Stuck somewhere between obscure, psychedelic Frank Zappa B-sides and the soundtracks to retro Sega Genesis videogames you’ll find the ultra-versatile, moog-driven sounds of Northeast-based jam quartet Dopapod. Between the recent release of their fourth studio effort Never Odd or Even, and an extensive collection of East Coast and Midwest dates alongside the incomparable Umphrey’s McGee, it’s clear the future is looking exceedingly bright for the progressive dance-rock group. In the last four years, Dopapod has developed an ever-growing fan base through a seemingly endless tour schedule, playing some of the summer’s biggest music festivals including Wakarusa, Summer Camp and Electric Forest. Their fourth studio effort, Never Odd or Even, captures Dopapod’s quirky, experimental style being executed with masterful precision and demonstrates the sheer amount of versatility that the palindromic jam-band possesses.
Throughout Never Odd or Even, Dopapod’s jazzy progressions collide with thunderous metal riffs, jam-fueled solos soar seamlessly with uplifting electronic beats and pure soul meets outlandish funk in the most beautiful of ways. The album opens with “Present Ghosts,” a bouncing tune anchored by bassist Chuck Jones’ toe-tapping bassline and keyboardist Eli Winderman’s Moog synthesizers. Sounding similar to the styles of Papadosio or Lotus, the eight-minute opening track dips through a number of peaks and valleys, culminating with a crescendo of guitar solos, keyboards and vocals that fade into “Picture in Picture.” The album’s second track opens with heavy vocals provided by Winderman, then progresses into a mystifying chorus that could easily be considered their most “radio-friendly” track on the album. The change in approach is apparent in Picture, showing a much more mature approach to songwriting and composition than in previous albums. Much like its predecessor, “Picture in Picture,” concludes with a symphony of well-organized noise highlighted by a commanding solo from guitarist Rob Compa. While the opening tracks off Never Odd or Even are undoubtedly compelling, what follows are more developed and distinct pieces that truly embody the progressional sound of Dopapod.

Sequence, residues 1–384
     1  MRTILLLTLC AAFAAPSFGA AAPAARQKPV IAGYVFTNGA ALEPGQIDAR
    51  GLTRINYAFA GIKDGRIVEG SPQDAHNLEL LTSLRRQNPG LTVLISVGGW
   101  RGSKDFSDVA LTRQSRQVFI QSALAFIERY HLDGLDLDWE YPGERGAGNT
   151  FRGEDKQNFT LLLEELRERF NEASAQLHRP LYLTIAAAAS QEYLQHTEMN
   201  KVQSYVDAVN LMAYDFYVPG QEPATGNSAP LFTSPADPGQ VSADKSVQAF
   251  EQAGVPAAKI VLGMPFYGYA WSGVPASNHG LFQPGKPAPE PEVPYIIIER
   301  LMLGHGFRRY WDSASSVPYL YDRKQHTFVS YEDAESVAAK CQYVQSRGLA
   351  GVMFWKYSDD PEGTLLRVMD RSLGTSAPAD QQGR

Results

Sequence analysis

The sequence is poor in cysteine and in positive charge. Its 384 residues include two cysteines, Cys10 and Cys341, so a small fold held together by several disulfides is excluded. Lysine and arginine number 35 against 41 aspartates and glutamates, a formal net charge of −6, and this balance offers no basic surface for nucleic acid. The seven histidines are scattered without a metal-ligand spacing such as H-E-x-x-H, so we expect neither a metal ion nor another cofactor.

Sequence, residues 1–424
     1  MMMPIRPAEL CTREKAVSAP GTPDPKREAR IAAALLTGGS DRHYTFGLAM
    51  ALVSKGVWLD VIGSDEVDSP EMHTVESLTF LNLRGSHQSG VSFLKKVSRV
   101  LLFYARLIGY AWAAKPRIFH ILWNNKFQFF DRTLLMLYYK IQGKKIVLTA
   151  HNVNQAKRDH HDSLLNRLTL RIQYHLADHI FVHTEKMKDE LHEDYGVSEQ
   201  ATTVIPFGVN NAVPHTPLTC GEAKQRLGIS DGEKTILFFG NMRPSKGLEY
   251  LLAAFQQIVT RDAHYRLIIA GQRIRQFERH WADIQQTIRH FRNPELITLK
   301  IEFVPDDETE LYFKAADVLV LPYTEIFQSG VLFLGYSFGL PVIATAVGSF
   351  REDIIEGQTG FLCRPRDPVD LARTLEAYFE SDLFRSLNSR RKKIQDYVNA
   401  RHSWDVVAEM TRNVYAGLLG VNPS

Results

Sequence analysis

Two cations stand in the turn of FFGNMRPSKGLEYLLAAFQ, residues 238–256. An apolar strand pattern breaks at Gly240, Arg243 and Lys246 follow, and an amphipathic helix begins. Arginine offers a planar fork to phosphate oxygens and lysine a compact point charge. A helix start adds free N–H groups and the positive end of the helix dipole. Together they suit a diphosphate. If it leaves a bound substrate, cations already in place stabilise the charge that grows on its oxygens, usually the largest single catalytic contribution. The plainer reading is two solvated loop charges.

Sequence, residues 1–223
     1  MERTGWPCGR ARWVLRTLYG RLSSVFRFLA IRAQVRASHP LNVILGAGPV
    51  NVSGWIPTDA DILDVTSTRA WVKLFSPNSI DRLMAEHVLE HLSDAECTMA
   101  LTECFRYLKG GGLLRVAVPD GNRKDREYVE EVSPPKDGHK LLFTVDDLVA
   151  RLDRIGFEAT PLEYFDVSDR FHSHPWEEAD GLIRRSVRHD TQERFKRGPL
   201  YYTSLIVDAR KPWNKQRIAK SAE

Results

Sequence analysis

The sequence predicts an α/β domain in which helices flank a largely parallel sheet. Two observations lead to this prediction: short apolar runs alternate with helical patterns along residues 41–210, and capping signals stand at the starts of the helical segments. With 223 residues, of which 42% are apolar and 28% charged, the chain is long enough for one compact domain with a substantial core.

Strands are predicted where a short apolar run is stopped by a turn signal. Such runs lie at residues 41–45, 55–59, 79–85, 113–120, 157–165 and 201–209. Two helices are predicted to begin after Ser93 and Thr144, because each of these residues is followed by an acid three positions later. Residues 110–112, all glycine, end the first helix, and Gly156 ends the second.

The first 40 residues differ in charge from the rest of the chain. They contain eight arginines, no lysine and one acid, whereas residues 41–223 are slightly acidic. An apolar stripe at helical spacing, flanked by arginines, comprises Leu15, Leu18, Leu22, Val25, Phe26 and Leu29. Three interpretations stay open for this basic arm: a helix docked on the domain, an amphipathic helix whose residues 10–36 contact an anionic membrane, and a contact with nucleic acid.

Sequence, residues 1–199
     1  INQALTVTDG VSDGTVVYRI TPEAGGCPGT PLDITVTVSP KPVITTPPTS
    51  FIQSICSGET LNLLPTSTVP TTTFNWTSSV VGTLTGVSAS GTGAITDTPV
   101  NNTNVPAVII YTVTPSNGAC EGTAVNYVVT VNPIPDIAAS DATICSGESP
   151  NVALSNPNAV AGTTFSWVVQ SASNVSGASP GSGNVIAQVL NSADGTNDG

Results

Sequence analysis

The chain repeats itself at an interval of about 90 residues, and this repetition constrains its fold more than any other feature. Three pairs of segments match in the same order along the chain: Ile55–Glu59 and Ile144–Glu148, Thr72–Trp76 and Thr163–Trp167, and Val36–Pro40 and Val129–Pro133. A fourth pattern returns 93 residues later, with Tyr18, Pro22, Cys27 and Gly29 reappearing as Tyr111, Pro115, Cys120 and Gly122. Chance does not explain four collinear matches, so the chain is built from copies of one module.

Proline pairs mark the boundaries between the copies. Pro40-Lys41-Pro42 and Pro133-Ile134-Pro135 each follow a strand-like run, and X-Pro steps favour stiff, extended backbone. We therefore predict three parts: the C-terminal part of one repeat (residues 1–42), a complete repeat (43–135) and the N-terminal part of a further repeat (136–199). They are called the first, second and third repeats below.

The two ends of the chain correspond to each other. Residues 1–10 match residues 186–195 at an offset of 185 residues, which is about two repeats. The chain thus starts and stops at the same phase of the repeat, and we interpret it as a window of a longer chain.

As guitarist Rob Compa explains, “we really felt that the material this time around represented a big leap forward, not just in the way we’ve been interacting as a band, but in the way our focus has become sharper in paying attention to things like melody, theme, lyrical imagery, and structure – all the elements that make a great song."
One of the countless highlights throughout Never Odd or Even is the ten-minute progressive journey of “FABA,” a space-aged tune that delivers an outstanding punch of funk, jazz and electro-rock. The introduction begins with a laid-back, 90’s West Coast groove provided by drummer Scotty Zwang with Winderman’s keyboards sprinkling elements of vintage Dr. Dre throughout the melodic beat. Sounding like something that could be heard blasting from a 64’ Impala in Long Beach, the flowing introduction to “FABA” is signature Dopapod; a combination of slow-tempo funk, ever-building progressive grooves with a dash of video games, fused together to create one insatiable melody. It contains the alien-like presence of Winderman’s Moog, while still keeping the jam understandable for earthlings. Around the five-minute mark, the track begins to build and finally explodes into a high-energy attack of spiraling guitars and mesmeric keyboards. In terms of the sheer composition and the structural organization throughout Never Odd or Even, “FABA” stands as one of Dopapod’s most well composed pieces on the album, hands down.